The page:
I was diagnosed with NVLD when I was 17 (I'm 35 now).At the time, I didn't fully understand what having NVLD entailed. It was not explained adequately. I only knew that it was the reason I struggled in math. I didn't know it affected every aspect of my life. Last summer, after years of dealing with anxiety and depression I decided to get retested by a neuropsychologist. Sure enough,I was diagnosed with NVLD. I've really been struggling with the diagnosis. More specifically, I've been struggling with the full scale IQ that was calculated during my evaluation. My full scale IQ is 80.The first time I was tested for NVLD the full scale IQ was not calculated. I have a bachelors degree in English Literature and a masters degree in Library and Information Science. The full scale IQ was quite jarring.
A little background on my evaluation:
Verbal Comprehension Index: 105 ( I was very disappointed in this score)
Perceptual Index: 69
Working Memory: 77
Processing Speed: 79

I just feel like a fraud. I've always been considered intelligent. A full scale IQ of 80 Indicates otherwise. How can a person with an 80 IQ have a masters degree?
Currently, I'm unemployed and seeking a position as an archivist. I obtained my masters degree in 2012 (with several archival internships under my belt). Post graduation, I worked as a project archivist for a year. Unfortunately, the work was unpaid.
I have yet to find paid work in my field. I've had several interviews but I can never make it to the second round of interviews. My severe anxiety gets in the way.
I've been in therapy for several months trying to deal with everything. I was recently diagnosed with agoraphobia and chronic depression. So in addition to having NVLD I also have agoraphobia and chronic depression. Swell.
I've read that NVLD and Aspergers are virtually the same thing. There does seem to be allot of overlap between the two conditions. In fact, when I decided to get retested I wanted to see if I perhaps had Aspergers.



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20 Feb 2016, 2:03 am

I don't think an NVLD IQ necessarily means you have NVLD. When I was a kid I had language issues, but good visual spatial skills. The last IQ test I took said I had a NVLDish IQ. My verbal IQ was 113, my nonverbal IQ was 87 and my working memory was 74. Right now I'm trying my best to balance out my IQ score. I'm hoping to get a high and balanced score one day. I might take an IQ test when I get into community college.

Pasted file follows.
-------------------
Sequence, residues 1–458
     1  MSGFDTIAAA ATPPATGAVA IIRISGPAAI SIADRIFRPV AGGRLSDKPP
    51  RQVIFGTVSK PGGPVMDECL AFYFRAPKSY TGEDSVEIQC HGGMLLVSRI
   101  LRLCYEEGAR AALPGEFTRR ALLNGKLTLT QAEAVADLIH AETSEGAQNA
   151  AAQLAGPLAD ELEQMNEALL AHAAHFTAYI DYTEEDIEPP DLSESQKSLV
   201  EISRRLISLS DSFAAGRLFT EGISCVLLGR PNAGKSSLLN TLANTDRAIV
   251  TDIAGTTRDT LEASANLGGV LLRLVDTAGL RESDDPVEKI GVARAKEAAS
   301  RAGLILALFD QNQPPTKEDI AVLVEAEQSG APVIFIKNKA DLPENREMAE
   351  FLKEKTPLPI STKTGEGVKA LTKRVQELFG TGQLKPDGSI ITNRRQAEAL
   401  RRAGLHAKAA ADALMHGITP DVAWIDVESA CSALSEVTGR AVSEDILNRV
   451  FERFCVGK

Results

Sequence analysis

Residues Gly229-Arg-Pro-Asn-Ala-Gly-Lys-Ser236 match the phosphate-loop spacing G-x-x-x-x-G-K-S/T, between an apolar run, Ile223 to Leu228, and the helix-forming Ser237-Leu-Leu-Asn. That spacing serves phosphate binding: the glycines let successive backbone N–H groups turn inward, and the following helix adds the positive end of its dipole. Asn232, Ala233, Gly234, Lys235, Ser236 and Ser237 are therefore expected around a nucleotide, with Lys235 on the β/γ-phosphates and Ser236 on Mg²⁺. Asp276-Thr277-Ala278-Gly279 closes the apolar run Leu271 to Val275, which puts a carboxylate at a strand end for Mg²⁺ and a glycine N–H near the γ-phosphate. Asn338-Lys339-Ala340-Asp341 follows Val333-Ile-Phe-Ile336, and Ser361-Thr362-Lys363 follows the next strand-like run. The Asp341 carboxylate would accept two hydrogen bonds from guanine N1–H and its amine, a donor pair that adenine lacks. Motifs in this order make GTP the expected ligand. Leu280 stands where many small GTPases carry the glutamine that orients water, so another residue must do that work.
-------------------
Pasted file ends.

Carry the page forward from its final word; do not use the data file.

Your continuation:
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Devon80
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20 Feb 2016, 9:21 am

In addition to having a NVLD IQ,I also have many social and emotional issues that go along with having NVLD. Not to mention the visual spatial issues. I definitely have NVLD.



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20 Feb 2016, 11:55 am

Devon80 wrote:
In addition to having a NVLD IQ,I also have many social and emotional issues that go along with having NVLD. Not to mention the visual spatial issues. I definitely have NVLD.

What visual spatial issues do you have? The only visual spatial issue I seem to have in real life is judging distances in feet or meters. I don't seem to get lost more than the average person and I don't have any issues is art or geometry.


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20 Feb 2016, 1:10 pm

I have NVLD. I can't figure out how to get anywhere, which my mom simply can't understand. It's my fourth semester at college, and I still have trouble remembering how to get there despite living about ten minutes away.



Devon80
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20 Feb 2016, 3:42 pm

DevilKisses wrote:
What visual spatial issues do you have? The only visual spatial issue I seem to have in real life is judging distances in feet or meters. I don't seem to get lost more than the average person and I don't have any issues is art or geometry.


I have trouble with judging distance. Driving has always been an issue(especially parking). I get lost pretty easily. Geometry has always been a struggle for me. I've always been terrible when it comes to art. In school I always dreaded math and art class because of my visual spatial issues. It's embarrassing but I also have difficulty getting on escalators. More specifically, I have trouble gagging the right time to step on the escalator.



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20 Feb 2016, 4:03 pm

Devon80 wrote:
DevilKisses wrote:
What visual spatial issues do you have? The only visual spatial issue I seem to have in real life is judging distances in feet or meters. I don't seem to get lost more than the average person and I don't have any issues is art or geometry.


I have trouble with judging distance. Driving has always been an issue(especially parking). I get lost pretty easily. Geometry has always been a struggle for me. I've always been terrible when it comes to art. In school I always dreaded math and art class because of my visual spatial issues. It's embarrassing but I also have difficulty getting on escalators. More specifically, I have trouble gagging the right time to step on the escalator.

I don't have any depth perception issues when I'm driving according to my driving instructor. I just have no idea how far 20 meters is. I did have depth perception issues as a kid playing sports, but that's because I needed glasses.


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Your neurodiverse (Aspie) score: 82 of 200
Your neurotypical (non-autistic) score: 124 of 200
You are very likely neurotypical